A BBC investigation has revealed the Catholic Church is encouraging child labour in Uganda
The allegations were first made by Alex Turyaritunga, a former child soldier during the Rwandan genocide, who had first hand experience of child exploitation.
He was raised in Kabale and after the death of his father, members of the Catholic Church helped his mother pay for his education and that of his four siblings.
I feel the Vatican should wake up and revise the business policy of the Catholic Church - or else there is going to be danger -Alex Turyaritunga
Now a nurse with the UN refugee agency (UNHCR) in Uganda, he alleges that children as young as 10 are working on a church-owned tea plantation in Kabale.
During the investigation, 15 children along with adults were working on the land, tasked with weeding, gathering tea plants and carrying them on a steep hill to the location of cultivation.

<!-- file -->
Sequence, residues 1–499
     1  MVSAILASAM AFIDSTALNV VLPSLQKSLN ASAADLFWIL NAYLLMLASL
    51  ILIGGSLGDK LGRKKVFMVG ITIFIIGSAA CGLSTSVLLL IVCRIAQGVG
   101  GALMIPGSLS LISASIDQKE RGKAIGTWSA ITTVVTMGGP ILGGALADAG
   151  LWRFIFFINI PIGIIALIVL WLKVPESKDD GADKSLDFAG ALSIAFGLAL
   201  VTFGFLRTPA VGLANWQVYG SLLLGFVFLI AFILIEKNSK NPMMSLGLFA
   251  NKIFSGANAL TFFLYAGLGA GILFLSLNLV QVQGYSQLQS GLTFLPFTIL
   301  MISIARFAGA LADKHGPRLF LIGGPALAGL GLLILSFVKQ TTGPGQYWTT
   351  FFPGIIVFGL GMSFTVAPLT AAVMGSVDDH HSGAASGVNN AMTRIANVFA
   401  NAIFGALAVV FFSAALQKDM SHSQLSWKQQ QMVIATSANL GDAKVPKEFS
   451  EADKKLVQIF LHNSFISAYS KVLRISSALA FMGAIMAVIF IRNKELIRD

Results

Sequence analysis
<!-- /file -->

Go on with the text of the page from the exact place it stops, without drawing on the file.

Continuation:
A supervisor at the enterprise confirmed to BBC that children did work on the farm and their pay ranged from 1,000 to 2,000 Ugandan shillings per day. He also said that the land belonged to the Roman Catholic Church which was in business with Kigezi Highland Tea Limited.
VIDEO: Child labour on Church-owned land https://t.co/k66WqKT2iD— BBC News (World) (@BBCWorld) January 5, 2016
Bishop Callistus Rubaramira of the Catholic diocese of Kabale, was not available to comment on the issue but more children could be seen unloading tea seedlings from a truck outside his residence.
The revelation comes months after the Pope’s visit to Africa, where he said children were the greatest victims of Africa’s historical exploitation by other powers.
Reacting, the Pope’s spokesperson Federico Lombardi, said:“I deny to have responsibility and duty to answer about this – if there is problem for the local church, I am not responsible for that.”
The UN estimates that there are three million child workers in the East African country in which the latest figures estimate that 30% of children aged between 5 and 14 are engaged in child labour.